“So fixed were the emotions provoked by this case that the idea that there could have been, for even one juror, even a moment’s doubt in the state’s case…seemed, to many in the city, bewildering, almost unthinkable.” Unthinkable precisely to whom? How many have excoriated the racially mixed juries that weighed the evidence they got in these and other highly charged cases, drew distinctions among defendants—and confounded prosecutors and protesters alike?

Didion’s “black” narrative, a communal psychodrama born of ancient wounds that surfaced under the ministrations of Sharpton and others in the Howard Beach and Brawley cases, no longer promotes creative disruption. As the “white” narrative of a civic harmony broken only by devils is counterfeit, so the “black” narrative of a conspiratorial, genocidal racism as the engine of victimization is too flawed to do anything but deepen black impotence and isolation.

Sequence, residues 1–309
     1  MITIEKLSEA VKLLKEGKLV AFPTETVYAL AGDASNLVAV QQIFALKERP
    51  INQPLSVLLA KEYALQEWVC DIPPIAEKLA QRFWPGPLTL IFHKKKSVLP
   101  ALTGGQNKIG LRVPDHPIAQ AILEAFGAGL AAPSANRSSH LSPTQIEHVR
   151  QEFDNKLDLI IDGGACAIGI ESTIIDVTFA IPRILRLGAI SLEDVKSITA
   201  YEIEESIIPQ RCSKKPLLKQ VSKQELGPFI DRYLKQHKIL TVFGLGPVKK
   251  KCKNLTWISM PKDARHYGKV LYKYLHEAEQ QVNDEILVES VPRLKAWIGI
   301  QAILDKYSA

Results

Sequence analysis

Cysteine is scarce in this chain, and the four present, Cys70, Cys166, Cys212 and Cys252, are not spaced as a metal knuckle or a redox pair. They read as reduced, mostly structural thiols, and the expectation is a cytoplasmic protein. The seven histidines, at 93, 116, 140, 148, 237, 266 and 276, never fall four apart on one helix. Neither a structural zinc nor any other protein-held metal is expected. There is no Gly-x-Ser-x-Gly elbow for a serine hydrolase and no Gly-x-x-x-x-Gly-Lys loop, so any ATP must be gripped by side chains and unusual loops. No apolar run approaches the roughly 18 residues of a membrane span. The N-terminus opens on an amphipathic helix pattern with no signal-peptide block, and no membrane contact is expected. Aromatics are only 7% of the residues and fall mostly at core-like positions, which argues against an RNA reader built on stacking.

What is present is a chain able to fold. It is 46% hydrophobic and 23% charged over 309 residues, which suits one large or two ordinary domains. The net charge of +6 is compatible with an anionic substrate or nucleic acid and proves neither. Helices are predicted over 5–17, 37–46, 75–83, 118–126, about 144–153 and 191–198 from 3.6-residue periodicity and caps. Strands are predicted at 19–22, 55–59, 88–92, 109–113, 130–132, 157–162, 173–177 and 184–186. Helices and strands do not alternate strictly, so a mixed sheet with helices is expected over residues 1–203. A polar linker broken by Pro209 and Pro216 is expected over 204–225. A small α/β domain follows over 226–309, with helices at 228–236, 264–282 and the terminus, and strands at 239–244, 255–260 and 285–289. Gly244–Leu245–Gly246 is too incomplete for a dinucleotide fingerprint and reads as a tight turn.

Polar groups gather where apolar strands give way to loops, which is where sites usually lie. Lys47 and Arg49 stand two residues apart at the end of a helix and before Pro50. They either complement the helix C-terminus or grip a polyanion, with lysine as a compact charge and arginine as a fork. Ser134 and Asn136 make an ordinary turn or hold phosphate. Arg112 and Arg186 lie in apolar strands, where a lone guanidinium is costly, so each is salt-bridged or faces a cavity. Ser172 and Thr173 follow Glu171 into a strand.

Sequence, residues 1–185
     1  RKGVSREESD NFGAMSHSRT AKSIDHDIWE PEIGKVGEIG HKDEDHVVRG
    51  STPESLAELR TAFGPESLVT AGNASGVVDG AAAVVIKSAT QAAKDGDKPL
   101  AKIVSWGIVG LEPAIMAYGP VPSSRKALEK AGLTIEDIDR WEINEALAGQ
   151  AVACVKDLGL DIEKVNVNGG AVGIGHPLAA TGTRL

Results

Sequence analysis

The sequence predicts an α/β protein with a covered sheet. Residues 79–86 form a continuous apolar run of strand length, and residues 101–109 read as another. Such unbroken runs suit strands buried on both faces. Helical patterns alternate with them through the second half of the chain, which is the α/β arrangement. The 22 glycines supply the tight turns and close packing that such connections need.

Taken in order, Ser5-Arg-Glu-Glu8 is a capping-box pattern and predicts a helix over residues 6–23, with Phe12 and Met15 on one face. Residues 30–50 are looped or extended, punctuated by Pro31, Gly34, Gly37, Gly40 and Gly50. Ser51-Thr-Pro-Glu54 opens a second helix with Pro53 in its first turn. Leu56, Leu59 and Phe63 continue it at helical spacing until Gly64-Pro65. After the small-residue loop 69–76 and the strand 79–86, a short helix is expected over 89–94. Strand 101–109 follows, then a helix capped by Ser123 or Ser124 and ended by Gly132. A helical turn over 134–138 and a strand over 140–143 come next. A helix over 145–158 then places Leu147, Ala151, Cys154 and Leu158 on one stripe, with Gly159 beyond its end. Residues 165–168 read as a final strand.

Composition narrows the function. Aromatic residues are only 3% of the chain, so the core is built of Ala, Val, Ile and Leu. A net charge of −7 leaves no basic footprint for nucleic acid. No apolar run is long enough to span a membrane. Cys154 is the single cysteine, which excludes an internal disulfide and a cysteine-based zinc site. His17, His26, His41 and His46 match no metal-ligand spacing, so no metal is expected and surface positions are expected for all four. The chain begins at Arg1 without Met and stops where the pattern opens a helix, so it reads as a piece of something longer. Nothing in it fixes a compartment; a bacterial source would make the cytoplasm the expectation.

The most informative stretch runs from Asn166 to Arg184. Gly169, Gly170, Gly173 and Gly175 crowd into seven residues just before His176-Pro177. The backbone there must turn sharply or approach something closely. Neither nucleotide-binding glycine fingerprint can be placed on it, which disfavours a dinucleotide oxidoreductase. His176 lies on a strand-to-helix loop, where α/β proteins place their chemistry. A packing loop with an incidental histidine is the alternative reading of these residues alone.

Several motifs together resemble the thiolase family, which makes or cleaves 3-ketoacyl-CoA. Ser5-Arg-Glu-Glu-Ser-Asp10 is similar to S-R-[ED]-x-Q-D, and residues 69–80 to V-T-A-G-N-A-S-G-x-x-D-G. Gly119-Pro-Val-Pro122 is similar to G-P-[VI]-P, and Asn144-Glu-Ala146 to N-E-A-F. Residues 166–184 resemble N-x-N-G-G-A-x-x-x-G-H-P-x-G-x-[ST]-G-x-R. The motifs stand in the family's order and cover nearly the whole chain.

There is every reason to wish that the city might be redeemed through confrontations with established powers that draw upon African-Americans’ outrage and strengths. But whenever that has actually happened in neighborhoods long thought drained of political and economic clout, blacks have been forging bonds with people of other races; racism has not been the issue, nor race pride the key. It’s a story I tell in The Closest of Strangers: Liberalism and the Politics of Race in New York, which Didion cites accurately yet seems not to have understood.

Something truly terrible did happen that night in Central Park; and the young men who made the videotaped statements made it happen. Their presumed experience of racism does not alone explain it, nor does their putative material deprivation; (contrary to the impression Didion gives us, they were not poor). Nor does what Didion calls the city’s “long unindictable conspiracy of criminal and semi-criminal civic and commercial arrangements,” which has reigned through boom and bust ever since the Dutch swindled Manhattan from Native Americans.